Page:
Tale of Two Bridges: Canada Mega-Spans Face New Delays
Major delays in a pair of multibillion-dollar bridge proposals have handed Canada’s Trudeau government a setback as it pushes to get marquee infrastructure projects moving to boost the economy.
In Vancouver, British Columbia, newly elected provincial officials have canceled a pending procurement for the $2.8-billion, 10-lane George Massey bridge to replace an aging 1950s-era tunnel under the Fraser River. The winner had been set to be announced in October. Meanwhile, initial hopes that a new $3-billion bridge across the Ontario border to Detroit would open in 2020 have long since been dashed. The four-to-five year construction process is not expected to start until 2018, with the deadline for detailed bid submissions recently pushed back by four months.
The Windsor-Detroit Bridge Authority, which is overseeing the new Gordie Howe bridge project, also is disputing media reports in Detroit and Windsor, Ont., that CEO Michael Cautillo was told by the agency board that he is no longer in charge.The authority released a statement calling the reports “inaccurate,” and that Cautillo remains CEO but has been on leave “related to personal matters” since Aug. 24. A spokesman for Canada’s Ministry of Infrastructure and Communities declined comment on Cautillo’s status but said the Trudeau and Trump governments remain “firmly committed” to a modern 1.5-mile span linking Canada and the U.S. “at the busiest entry point for trade and commerce.”
Three consortiums of bidders competing to build the Gordie Howe project were set to submit detailed bids in November. Now, the groups—led by SNC-Lavalin, ACS Infrastructure Canada and Toronto contractor Ellis Don—must wait until next year to do so, with contractor selection not expected until September 2018.
In a twist, Canadian officials gave permits to the Maroun family—private owners of a rival, 86-year-old span—to build a new, six-lane bridge over the Detroit River, connecting Windsor and Detroit. In return, the family must tear down the old Ambassador Bridge when the new span is up. The Marouns have battled in court to stop the Gordie Howe project, although their legal fight now appears to be running out of steam. A federal appeals court has raised questions about the Maroun lawsuit challenging Gordie Howe, hinting strongly that the case belongs in state rather than federal court.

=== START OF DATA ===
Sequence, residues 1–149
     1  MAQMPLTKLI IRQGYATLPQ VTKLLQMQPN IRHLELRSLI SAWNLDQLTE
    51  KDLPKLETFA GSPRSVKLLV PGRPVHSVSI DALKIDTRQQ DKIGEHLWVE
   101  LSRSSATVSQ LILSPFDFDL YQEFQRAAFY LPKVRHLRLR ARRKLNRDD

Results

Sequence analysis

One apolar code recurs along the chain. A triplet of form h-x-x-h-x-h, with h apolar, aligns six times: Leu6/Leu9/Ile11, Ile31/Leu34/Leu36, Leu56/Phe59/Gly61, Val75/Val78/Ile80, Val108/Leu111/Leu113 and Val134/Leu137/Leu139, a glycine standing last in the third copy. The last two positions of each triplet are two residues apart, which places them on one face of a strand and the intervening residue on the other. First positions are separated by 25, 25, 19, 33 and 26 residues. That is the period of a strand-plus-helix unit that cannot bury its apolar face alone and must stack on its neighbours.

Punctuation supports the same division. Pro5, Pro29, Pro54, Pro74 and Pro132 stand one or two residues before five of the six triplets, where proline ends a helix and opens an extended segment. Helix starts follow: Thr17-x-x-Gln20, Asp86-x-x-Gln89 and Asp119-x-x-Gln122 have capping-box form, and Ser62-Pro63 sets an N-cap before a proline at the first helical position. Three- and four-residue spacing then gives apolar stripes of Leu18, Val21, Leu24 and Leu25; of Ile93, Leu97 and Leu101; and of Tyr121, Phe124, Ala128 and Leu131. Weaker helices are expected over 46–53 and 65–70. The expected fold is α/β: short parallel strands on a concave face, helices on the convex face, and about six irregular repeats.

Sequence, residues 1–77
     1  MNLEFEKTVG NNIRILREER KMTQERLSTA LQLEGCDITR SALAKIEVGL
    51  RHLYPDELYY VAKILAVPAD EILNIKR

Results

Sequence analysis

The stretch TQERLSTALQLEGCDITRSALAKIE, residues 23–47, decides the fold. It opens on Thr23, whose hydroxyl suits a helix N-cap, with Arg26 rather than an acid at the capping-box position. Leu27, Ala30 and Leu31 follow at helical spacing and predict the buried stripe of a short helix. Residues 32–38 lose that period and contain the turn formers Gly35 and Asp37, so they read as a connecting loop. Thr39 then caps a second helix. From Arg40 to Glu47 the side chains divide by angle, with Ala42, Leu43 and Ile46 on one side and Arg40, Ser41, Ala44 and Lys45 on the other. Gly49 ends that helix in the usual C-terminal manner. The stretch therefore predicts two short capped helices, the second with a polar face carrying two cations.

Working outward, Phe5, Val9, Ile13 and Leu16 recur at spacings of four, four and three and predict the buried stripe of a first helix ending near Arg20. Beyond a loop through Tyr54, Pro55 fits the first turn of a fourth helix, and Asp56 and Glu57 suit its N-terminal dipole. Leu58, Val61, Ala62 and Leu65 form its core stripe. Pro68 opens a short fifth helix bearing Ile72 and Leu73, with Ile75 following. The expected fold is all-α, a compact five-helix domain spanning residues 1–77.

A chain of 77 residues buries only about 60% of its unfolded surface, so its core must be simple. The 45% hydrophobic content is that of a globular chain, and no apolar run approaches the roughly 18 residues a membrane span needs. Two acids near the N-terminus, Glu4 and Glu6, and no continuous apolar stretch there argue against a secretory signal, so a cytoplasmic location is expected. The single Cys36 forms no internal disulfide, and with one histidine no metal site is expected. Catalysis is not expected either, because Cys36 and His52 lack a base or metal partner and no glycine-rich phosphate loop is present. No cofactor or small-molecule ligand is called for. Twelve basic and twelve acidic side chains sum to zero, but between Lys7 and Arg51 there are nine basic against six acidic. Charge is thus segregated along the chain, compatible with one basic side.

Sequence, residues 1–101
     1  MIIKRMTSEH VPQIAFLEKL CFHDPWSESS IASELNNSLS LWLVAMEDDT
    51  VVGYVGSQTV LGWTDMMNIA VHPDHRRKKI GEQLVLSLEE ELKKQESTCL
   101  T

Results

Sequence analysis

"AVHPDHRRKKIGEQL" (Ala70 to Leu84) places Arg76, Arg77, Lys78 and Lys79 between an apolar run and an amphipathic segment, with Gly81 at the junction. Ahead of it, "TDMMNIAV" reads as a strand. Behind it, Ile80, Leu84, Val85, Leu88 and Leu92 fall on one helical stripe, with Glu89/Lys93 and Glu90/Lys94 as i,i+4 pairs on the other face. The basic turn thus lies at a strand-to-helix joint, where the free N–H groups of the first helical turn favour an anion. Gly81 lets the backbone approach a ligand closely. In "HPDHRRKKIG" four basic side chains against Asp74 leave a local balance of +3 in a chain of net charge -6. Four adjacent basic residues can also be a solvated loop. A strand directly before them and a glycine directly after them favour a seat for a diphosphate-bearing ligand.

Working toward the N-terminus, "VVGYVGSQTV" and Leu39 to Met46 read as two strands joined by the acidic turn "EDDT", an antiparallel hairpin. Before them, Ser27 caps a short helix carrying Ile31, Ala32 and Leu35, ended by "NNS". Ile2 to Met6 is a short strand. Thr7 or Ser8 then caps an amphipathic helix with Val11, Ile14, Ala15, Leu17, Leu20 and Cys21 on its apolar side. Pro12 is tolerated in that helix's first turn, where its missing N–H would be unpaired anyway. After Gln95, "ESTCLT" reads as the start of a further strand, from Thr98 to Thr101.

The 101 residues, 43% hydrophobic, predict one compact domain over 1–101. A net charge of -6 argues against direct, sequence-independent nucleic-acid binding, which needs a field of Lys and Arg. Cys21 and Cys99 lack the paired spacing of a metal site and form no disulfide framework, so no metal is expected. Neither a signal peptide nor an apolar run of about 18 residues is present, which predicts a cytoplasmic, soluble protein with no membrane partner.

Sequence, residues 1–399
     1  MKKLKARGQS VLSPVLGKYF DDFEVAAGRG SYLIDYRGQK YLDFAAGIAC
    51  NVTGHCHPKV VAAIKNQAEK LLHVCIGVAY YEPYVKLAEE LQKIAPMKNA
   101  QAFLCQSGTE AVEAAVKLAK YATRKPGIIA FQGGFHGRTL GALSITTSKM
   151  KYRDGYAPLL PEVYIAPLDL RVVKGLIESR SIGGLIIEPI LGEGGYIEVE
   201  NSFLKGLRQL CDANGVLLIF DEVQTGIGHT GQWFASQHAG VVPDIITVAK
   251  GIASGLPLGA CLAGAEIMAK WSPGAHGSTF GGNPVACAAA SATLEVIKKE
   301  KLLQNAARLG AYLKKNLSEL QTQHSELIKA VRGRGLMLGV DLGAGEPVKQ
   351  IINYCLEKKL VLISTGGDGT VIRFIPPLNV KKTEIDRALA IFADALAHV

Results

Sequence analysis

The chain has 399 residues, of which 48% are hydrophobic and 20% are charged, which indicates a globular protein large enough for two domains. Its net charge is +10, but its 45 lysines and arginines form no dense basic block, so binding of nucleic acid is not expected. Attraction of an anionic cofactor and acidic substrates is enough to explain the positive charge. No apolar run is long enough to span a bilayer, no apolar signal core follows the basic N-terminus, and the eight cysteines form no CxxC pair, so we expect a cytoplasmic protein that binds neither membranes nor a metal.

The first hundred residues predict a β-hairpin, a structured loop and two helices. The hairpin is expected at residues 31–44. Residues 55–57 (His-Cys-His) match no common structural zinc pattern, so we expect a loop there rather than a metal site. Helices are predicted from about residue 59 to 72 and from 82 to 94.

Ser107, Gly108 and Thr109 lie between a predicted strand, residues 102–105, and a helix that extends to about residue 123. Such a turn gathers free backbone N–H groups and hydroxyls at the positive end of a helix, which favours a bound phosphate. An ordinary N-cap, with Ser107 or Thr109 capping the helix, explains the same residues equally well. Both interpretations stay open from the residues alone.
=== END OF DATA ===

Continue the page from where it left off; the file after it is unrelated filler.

Plans to replace Vancouver’s Massey tunnel halted when British Columbia’s new New Democratic Party (NDP) government announced a technical review of various transportation options. Built in 1959, the tunnel has been deemed unsafe in a seismic event and a cause of traffic gridlock, with just four lanes.
The review will look at not just the original planned 10-lane bridge but also other options, such as a smaller bridge or tunnel, said Leanne Flood, public affairs officer for the Ministry of Transportation and Infrastructure. “The review will focus on what level of improvement is needed in the context of regional and provincial planning, growth and vision,” she said. Two of three short-listed bidders for the 10-lane bridge project will be paid up to $2 million for expenses to date, Flood stated, but she declined to confirm which teams—led by Spain-based ACS, Fluor Corp. and Kiewit—would be compensated. Industry observers say the paymens would not cover firms’ proposal investment.
The province itself has spent $54 million on the bridge project, completing an environmental review this year. In a recent report, bond ratings agency DBRS says the NDP government’s decision to step back from the bridge plan, which called for tolls, “adds further uncertainty” to the province’s debt outlook. Any new project “appears likely to be taxpayer-supported,” DBRS said. The NDP government removed tolls on two Vancouver-region bridges on Sept. 1, and is reportedly reviewing costs of one—the Port Mann span, which was completed in 2012 under the former Liberal government. But Flood said there was also insufficient local support for the proposed Massey bridge among Vancouver-area mayors. Opponents said it was too large and would increase traffic, say media reports.